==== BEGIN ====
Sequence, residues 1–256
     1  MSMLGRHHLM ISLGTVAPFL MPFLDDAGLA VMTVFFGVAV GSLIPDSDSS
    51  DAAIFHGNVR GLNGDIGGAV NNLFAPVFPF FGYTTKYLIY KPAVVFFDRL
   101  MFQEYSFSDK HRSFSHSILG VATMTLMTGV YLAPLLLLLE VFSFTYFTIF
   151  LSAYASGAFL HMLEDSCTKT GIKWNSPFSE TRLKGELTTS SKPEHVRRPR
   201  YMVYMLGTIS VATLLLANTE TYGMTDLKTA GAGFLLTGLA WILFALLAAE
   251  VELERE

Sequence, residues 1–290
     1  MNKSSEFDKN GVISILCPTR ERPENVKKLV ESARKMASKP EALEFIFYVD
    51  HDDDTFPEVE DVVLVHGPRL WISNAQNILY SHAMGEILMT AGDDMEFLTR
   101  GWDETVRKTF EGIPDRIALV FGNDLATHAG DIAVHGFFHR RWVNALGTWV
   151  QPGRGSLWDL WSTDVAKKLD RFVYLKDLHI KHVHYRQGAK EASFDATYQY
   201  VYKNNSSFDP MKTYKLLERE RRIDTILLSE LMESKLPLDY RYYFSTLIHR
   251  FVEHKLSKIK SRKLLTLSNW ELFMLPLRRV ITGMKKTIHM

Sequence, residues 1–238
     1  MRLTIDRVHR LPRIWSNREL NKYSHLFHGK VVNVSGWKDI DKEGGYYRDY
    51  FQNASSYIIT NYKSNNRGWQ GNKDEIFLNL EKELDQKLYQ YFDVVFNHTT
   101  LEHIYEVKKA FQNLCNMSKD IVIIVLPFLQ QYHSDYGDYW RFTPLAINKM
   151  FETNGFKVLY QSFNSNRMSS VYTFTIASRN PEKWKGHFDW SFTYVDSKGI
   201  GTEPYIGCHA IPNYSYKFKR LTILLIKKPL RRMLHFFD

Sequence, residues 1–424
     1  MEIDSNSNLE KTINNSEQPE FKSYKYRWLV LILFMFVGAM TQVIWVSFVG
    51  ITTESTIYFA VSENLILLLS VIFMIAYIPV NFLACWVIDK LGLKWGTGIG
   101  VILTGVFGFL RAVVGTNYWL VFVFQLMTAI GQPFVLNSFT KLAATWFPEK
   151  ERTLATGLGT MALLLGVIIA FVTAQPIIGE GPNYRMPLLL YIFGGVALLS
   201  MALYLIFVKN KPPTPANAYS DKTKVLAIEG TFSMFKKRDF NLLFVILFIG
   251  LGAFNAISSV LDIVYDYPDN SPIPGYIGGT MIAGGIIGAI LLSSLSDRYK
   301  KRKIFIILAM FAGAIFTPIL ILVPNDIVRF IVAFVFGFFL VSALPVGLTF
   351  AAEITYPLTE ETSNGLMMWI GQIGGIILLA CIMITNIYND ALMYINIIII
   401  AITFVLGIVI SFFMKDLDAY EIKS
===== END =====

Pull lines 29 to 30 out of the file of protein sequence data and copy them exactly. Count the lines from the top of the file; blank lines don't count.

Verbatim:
   351  AAEITYPLTE ETSNGLMMWI GQIGGIILLA CIMITNIYND ALMYINIIII
   401  AITFVLGIVI SFFMKDLDAY EIKS